Reflections of the Restaurant du château in a river, Lunas

Reflections of the Restaurant du château

I took the opportunity, while they were exploring options, to have a brief sojourn with Jeanne d’Arc (Joan of Arc) in the chapel next door without my pack on. L’église Saint-Pancrace was cool, calm, and literally 10 steps from the office. I am always quite fascinated by Jeanne in chapels. She seems somewhat out-of-place, and I never think of her as a saint, I suppose because she was a martyr first.  I try to forget that if she had lived just two hundred years later, she would have been one of the opponents of my Huguenot ancestors, waging war against protestant English sympathisers. I try not to like her, because clearly she was a violent young woman, but there is something in this portrayal of her: innocent childlike  demeanour (she possibly was only 19 when she was burnt), peasant clothes, and battle garb in such a sacred place that screams of an attitude that women just aren’t meant to have.  You have to admire that! For audacity alone.  The West has certainly had its share of ‘holy warriors’ and now I notice there is even a tactical role-playing Play-Station game named in her honour.  She is clearly breaking down traditional roles of women even in the 21st century, over five hundred years later.

Statue of Jeanne d'Art (Joan of Arc), L'église Saint-Pancrace

Jeanne d’Arc

Tiled roof building with faces sculpted in the lintels

Kitchen lintel sculptures

While I was absent, there was a little to-ing and fro-ing between the two Jacques and the woman at the office, then the unimaginable happened. I still don’t know how. The reason the two Jacques couldn’t get through to the L’Auberge Gourmande where we had wanted to stay, was because the new owners had closed it for renovations. I don’t know whether it was pressure from Jacques I (I’ve noticed he can be very insistent), or just happenstance, but the woman ended up having the owners on the phone, and asked them whether it would be possible to put 3 pilgrims up. They agreed, and they were fantastic. We thanked her for her assistance and went to wait for the owner just across the river on some little benches across the road from the accommodation.  An old man was sitting there and we said our bon jours.  As it often does, the conversation turned quickly to the weather, and he told us that they did have rain earlier in the week, and made us laugh when he said it wasn’t enough to fill a glass.  He was later joined by what looked like all of the old men of the town who only disbanded at the threat of the storm that was forecast.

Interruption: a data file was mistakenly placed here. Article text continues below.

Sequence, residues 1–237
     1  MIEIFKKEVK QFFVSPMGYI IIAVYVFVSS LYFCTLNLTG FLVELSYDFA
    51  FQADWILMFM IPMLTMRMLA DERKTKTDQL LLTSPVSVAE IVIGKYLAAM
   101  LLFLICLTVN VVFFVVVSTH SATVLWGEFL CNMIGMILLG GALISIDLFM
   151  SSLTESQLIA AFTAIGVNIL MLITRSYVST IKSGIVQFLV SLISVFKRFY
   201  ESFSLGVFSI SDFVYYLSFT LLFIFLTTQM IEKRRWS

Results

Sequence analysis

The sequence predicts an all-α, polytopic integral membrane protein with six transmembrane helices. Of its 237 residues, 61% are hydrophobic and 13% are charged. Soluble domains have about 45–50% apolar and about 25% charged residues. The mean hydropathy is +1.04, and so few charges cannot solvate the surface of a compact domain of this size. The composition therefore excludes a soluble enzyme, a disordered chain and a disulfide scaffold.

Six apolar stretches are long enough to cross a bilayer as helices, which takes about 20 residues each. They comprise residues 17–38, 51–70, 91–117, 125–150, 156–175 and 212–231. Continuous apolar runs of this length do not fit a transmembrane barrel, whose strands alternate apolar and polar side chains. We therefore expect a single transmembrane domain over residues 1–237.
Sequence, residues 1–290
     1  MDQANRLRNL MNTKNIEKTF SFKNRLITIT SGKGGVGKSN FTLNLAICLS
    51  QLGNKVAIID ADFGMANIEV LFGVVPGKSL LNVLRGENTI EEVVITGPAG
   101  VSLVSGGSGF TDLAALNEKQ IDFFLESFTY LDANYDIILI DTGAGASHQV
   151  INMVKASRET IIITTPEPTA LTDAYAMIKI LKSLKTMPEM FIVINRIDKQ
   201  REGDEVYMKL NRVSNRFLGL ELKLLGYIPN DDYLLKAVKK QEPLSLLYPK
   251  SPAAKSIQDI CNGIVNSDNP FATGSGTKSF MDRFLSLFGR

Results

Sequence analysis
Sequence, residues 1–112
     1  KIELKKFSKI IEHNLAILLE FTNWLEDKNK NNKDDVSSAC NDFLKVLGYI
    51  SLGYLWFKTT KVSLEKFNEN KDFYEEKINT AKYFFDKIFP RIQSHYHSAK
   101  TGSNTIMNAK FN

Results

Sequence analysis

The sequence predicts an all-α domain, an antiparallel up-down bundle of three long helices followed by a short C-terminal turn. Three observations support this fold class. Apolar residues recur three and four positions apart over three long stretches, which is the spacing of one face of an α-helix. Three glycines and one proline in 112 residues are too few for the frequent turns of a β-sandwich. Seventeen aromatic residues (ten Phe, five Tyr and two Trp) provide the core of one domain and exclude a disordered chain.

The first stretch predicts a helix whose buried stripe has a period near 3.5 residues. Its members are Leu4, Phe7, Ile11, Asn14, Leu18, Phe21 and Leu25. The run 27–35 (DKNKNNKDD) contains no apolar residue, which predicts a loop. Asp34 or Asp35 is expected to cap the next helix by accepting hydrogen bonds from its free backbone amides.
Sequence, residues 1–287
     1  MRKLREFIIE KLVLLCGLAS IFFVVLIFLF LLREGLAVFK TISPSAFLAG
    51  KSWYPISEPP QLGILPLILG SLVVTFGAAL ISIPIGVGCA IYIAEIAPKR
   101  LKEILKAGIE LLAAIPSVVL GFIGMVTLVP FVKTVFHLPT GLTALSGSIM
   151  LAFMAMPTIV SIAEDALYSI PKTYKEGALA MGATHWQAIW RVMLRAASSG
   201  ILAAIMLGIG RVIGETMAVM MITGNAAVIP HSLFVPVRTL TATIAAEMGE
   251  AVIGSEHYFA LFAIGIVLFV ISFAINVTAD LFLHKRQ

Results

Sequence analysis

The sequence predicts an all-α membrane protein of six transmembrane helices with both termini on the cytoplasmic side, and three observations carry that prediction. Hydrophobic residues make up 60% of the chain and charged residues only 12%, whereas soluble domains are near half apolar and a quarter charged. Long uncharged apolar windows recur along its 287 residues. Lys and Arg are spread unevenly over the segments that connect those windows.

We stayed in a building site basically (don’t tell anyone!), but there was one room with three beds in it that they hadn’t been working on. They were also living there upstairs, so it was well habitable, and our hosts were quick to point out the hazards (most of which were probably there well before the building work anyway). It was cool and there was lovely coir matting on the floor which gave excellent relief when I rubbed my tired feet on it.  We were given towels (luxury – with shoe box in middle of road accent), bath mats and guest soaps. Plus they allowed us to use their washing machine and makeshift kitchen out back. The Hilton!

As we were settling in to our accommodation, Jacques II had a search through his pack, and realised he had left his medications in Lodeve, so he disappeared to try to ring the madame from the gite. We said we’d organise dinner so he could concentrate on getting his medications back. Madame wasn’t answering her telephone and he came back looking a little dejected. Luckily, I had kept both of her phone numbers on my Lodeve map, and he was able to ring her. Fortuitously, she had cousins who were visiting Lodeve from Lunas that night, and they agreed to deliver his medicines back to him. We shared pizza, tomato/mozzarella salad and crusty bread, and part-way through, our hostess came to tell us the medications had been dropped off. Voila!

Still persevering with my blog attempts, after dinner I sat downstairs in the lounge room and used wi-fi! Yay! Only 53 unread emails.  I didn’t get very far again with the blog, so I snuck upstairs and went to bed.

Moon and clouds in Lunas

Lunar sky after rain in Lunas